My mother is a painter and I was always surrounded by oil paints and turpentine, brushes and canvasses. So I guess my interest in art developed before my interest in science, but what developed first was an interest in the natural world. I was always fascinated about form. That took two parallel paths: one was to understand form scientifically, and therefore I became interested in pattern formation, how form comes about, how it’s maintained, how it’s deformed; and the other path was to try to develop an aesthetic language, an aesthetic view, even an intellectual or emotional approach to form and patterns. In art I am interested in issues of identity and understanding. How do we know what is what? How do we perceive identity? Many of the photographic series I’ve created have to do with different ways of seeing. For example, in my series, Embryonic Landscapes, which includes images of developing embryos, I show shapes, densities and textures as if I were sort of strolling through landscapes or making portraits. In another series, Biophilia, I use still lifes of common items, such as feathers, shells or bones, but showing only a little bit of the object in focus, with the rest lost in the shades of grey. The question is whether we think we know the whole by seeing only a tiny, tiny bit on the surface, a problem that resonates with racism, eugenics, colonialism, tolerance, etc... In another project, entitled Minimal Landscapes, I inquire about the meaning of boundaries and knowledge; the images show black islands and archipelagos in a white sea. All grays are condensed and yet the boundaries are porous: They are the seed of change − what separates us is what unites us. In Genome and Identity I ask, what is the genome and how does the genome identify us or not? In contrast to this deterministic possibility, Choices portrays the individual freedom and its inherent problems afforded by our thought. My art is about ways of portraying ideas and unresolved questions of identity and knowledge that I find challenging and current.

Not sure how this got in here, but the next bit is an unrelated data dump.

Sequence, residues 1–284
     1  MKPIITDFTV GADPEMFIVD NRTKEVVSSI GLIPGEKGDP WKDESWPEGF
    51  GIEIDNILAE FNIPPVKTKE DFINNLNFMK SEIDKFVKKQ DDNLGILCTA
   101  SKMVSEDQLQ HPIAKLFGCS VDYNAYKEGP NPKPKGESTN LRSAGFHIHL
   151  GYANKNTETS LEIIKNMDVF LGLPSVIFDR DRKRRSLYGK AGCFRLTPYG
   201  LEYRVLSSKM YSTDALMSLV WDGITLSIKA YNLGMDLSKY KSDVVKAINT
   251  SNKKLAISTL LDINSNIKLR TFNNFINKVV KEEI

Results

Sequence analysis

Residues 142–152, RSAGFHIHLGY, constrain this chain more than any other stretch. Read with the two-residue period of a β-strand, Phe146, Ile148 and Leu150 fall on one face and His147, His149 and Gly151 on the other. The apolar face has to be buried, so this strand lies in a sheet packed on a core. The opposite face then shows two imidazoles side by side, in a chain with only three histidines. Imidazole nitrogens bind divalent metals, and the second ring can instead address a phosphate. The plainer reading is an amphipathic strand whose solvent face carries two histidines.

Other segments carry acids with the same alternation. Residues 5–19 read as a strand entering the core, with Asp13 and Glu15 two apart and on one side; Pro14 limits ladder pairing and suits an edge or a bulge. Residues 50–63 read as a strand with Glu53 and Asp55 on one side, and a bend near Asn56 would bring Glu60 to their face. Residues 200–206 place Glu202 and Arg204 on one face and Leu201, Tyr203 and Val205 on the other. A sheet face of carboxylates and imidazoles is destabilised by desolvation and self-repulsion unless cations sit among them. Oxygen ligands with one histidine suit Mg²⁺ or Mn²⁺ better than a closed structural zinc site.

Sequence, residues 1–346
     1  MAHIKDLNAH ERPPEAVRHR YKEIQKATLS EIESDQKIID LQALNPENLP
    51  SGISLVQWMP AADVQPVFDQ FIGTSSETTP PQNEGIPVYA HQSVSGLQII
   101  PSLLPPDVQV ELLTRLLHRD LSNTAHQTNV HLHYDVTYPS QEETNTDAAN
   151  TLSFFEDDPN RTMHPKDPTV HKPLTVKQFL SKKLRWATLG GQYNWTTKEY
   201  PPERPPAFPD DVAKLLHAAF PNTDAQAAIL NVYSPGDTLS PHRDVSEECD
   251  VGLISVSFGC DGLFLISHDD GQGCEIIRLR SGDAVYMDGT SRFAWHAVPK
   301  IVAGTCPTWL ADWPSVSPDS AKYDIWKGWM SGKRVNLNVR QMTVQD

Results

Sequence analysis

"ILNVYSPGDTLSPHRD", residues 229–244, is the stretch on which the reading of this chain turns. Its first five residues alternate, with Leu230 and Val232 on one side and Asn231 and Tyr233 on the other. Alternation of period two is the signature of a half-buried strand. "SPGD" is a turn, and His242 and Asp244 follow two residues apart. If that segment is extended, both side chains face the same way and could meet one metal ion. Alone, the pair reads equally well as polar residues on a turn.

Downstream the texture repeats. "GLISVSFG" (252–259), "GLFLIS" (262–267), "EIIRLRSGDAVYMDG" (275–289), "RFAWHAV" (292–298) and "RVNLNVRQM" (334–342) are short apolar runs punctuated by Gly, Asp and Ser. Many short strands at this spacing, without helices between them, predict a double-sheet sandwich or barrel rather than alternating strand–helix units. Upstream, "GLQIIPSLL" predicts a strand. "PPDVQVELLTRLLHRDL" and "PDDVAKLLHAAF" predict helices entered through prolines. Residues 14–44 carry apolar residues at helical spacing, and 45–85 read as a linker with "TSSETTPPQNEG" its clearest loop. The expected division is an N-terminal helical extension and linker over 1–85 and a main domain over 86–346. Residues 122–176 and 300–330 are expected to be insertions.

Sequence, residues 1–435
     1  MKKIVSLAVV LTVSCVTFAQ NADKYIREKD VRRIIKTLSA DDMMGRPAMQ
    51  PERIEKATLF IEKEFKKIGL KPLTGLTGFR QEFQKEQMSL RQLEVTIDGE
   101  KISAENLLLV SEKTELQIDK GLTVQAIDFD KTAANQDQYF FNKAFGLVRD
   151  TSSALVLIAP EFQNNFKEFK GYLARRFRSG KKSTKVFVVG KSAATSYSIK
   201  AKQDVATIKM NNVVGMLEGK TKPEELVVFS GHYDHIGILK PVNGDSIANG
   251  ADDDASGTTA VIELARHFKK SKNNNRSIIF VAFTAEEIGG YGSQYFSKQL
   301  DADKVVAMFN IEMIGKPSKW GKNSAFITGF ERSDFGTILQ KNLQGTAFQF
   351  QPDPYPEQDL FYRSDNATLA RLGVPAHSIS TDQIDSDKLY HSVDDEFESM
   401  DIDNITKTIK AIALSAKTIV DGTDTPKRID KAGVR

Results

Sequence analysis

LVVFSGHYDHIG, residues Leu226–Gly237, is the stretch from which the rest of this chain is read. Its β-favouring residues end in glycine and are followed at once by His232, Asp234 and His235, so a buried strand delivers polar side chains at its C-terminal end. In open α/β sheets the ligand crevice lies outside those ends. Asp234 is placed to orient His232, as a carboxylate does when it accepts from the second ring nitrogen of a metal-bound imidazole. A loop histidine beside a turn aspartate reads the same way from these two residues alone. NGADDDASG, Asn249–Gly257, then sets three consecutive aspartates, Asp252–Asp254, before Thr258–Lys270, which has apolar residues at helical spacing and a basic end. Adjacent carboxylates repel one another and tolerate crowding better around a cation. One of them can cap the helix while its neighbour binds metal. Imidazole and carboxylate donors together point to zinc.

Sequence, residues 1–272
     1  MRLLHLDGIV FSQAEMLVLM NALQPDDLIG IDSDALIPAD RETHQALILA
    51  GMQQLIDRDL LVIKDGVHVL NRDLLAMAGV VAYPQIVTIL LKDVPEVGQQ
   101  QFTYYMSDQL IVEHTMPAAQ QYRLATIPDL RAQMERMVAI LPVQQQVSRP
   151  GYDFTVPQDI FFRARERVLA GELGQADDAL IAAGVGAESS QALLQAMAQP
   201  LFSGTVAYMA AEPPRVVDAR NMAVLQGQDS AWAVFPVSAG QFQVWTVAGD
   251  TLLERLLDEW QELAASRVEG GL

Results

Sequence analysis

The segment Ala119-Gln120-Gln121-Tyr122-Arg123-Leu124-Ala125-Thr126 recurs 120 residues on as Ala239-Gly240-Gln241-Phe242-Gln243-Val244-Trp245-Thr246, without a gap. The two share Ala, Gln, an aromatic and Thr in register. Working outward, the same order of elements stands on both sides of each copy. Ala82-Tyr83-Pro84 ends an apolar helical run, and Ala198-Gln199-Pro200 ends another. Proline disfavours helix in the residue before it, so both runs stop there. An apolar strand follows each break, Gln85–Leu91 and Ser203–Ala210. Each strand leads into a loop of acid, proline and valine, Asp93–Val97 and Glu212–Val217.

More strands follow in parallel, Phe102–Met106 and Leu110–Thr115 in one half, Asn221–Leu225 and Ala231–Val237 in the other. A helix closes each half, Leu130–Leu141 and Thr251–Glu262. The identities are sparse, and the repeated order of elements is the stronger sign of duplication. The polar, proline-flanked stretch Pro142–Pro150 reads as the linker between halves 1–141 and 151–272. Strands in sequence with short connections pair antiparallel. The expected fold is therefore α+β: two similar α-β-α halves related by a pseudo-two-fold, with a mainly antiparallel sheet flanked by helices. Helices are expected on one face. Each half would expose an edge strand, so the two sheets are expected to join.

Have you got any advice for scientists or artists who want to understand more about the world around us?
Go into the subject matter. Delve into it. Spend time in it. There’s a lack of introspection at every level. In most cities I’ve been to, there are more people looking at their gadgets than at one another. Conversations seem to be at a minimum. Sometimes I think we have enough smart phones but not enough smart people. Take your time and think deeply about things. And trust your instincts.
Find out more
More about science and art by Ariel Ruiz i Altaba:
Related articles on EuroStemCell:
- Curing Parkinson's with Stem Cell Research? A research update from HEALING
- Cancer: a disease of stem cells?
Images copyright Ariel Ruiz i Altaba, reproduced with permission. For further information and galleries, visit the Ariel Ruiz i Altaba studio website.